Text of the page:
“You see a lot of Caribbean rice. You see a lot of Latino rice. You see a lot of American rice dishes because that’s who I am. But then we dive into the Middle East, we go into China, we go to Peru, we go into a lot of places like that that celebrate rice,” he says.

Johnson leaned on his trips to rice-eating cultures like Israel, India, Singapore, Ghana and west Africa. He and Novgorodoff also include conversations with chefs David Chang, Pierre Thiam, Parisa Parnian and food historian Jessica B. Harris.

“The conversations were just great and joyful and delightful. And I think some of those conversations then shaped recipes we might have been missing, or took us in a good direction or told us we were at the right place,” he says.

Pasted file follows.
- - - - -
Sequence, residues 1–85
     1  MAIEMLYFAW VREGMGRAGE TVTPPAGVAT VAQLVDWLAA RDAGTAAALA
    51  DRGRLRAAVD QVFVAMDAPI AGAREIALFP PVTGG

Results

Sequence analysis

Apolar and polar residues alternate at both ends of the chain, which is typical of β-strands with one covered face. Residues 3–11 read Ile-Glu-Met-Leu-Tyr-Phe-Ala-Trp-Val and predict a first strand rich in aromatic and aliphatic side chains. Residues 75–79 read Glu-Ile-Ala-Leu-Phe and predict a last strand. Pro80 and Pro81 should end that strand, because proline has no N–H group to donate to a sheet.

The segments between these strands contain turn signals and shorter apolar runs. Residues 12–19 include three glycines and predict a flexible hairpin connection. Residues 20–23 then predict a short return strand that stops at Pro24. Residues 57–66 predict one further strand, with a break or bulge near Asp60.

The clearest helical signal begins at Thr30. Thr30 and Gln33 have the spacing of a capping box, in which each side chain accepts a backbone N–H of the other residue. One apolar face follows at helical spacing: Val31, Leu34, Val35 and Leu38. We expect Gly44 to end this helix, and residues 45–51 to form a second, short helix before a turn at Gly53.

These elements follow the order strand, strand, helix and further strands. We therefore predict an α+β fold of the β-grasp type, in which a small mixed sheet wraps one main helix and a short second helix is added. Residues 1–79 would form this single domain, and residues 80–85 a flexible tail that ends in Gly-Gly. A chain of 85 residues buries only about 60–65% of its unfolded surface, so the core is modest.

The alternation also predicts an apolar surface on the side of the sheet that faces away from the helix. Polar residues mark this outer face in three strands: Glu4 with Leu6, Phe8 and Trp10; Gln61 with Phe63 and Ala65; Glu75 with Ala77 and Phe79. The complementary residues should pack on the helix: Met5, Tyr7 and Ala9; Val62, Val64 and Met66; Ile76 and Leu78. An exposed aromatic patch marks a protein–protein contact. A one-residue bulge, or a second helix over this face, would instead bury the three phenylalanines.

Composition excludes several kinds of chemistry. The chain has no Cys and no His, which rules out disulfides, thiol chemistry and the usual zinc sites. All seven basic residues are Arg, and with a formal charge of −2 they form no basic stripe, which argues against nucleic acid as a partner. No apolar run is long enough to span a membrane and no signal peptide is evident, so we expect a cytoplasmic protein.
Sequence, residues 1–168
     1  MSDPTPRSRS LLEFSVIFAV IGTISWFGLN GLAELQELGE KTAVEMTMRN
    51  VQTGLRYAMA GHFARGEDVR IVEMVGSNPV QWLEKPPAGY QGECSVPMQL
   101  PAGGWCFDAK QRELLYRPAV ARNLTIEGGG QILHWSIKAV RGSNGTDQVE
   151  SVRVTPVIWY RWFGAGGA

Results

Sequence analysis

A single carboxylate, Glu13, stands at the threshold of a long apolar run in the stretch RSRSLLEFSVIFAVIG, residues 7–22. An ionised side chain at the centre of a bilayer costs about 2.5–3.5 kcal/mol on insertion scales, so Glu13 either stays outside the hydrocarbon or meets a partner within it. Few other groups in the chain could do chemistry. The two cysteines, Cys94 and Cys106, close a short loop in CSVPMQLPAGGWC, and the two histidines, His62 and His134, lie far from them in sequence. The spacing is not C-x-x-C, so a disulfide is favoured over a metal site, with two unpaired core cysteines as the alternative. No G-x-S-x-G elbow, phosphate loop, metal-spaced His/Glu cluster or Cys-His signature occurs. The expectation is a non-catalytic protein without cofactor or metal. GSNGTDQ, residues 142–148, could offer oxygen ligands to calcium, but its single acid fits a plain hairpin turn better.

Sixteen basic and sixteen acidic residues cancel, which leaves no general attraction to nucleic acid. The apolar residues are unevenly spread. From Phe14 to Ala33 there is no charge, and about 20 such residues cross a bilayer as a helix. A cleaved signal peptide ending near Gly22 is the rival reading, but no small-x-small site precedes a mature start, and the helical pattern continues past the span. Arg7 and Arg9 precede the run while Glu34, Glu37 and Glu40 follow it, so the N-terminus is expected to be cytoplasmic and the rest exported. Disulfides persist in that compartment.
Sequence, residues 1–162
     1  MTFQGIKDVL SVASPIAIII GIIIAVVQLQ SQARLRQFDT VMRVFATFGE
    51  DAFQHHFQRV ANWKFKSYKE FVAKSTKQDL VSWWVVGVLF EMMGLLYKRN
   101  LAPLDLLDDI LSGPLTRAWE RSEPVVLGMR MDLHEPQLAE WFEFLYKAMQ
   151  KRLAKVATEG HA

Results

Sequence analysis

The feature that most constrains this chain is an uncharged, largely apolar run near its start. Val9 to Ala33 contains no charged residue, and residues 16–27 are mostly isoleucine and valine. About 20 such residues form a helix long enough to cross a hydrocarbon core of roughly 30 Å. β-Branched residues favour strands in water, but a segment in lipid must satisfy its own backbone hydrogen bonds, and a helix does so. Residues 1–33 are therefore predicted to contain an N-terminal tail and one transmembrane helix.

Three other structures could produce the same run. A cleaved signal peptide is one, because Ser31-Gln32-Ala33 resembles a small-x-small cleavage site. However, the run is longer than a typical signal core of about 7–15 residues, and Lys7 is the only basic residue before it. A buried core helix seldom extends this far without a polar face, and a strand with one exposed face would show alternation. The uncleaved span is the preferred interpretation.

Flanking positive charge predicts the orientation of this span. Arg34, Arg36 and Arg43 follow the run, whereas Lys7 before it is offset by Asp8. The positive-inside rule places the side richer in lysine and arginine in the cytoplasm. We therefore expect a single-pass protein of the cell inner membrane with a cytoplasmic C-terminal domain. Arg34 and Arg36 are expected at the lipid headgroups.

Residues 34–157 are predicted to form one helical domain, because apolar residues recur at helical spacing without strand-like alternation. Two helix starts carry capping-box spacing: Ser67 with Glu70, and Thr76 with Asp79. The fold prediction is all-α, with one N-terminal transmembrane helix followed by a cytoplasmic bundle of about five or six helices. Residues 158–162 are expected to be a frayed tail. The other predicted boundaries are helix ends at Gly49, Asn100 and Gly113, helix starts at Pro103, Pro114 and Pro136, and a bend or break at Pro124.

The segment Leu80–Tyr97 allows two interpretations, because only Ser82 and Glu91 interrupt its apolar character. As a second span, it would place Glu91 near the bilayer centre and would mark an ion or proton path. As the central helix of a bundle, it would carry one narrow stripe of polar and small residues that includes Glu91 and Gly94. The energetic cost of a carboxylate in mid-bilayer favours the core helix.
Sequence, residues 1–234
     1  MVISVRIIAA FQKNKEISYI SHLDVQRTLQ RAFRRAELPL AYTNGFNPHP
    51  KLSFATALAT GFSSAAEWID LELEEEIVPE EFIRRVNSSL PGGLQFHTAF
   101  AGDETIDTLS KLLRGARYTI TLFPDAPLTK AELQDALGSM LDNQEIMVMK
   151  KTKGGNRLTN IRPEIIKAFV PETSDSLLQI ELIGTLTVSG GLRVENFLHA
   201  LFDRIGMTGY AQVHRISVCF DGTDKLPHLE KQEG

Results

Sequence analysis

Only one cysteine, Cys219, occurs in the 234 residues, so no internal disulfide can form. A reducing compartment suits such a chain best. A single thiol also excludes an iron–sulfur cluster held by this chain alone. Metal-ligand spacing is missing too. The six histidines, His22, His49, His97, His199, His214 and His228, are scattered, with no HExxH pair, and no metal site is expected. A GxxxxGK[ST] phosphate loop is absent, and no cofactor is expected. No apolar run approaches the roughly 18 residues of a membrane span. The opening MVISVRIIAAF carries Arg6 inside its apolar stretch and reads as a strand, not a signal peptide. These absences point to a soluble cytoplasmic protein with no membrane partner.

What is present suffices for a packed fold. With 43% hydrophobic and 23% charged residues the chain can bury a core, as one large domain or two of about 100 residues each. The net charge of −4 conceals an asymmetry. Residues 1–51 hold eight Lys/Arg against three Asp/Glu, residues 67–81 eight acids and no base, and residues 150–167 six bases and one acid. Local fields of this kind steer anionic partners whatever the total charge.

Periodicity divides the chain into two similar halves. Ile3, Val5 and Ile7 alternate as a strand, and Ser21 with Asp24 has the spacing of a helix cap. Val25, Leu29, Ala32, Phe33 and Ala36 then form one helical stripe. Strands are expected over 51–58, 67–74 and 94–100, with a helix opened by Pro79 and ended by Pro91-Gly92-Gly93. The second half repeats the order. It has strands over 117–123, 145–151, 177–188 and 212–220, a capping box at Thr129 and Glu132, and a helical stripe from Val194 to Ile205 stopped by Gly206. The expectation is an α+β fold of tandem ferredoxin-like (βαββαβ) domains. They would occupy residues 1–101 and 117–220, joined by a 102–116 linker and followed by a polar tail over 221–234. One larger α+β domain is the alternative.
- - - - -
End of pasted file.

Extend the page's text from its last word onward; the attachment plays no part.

Settling on a single representative dish to showcase took time and effort. Take jollof, a classic dish from Nigeria, Ghana and Senegal. Johnson chose Liberia’s version, which is close to jambalaya.

“It was hard. I’m not going to lie. Every time that I thought I was complete, I wasn’t,” says Johnson, a James Beard Award -winning chef who co-wrote “Between Harlem and Heaven” and is the founder of FieldTrip rice restaurants in New York City.

“What I did was, I was like, ’OK, where are the places I’ve been that I’ve celebrated rice and had rice touch me? Where has rice been where I know it has touched people? And where are there rice dishes that we don’t know about that we need to learn how to cook at home?”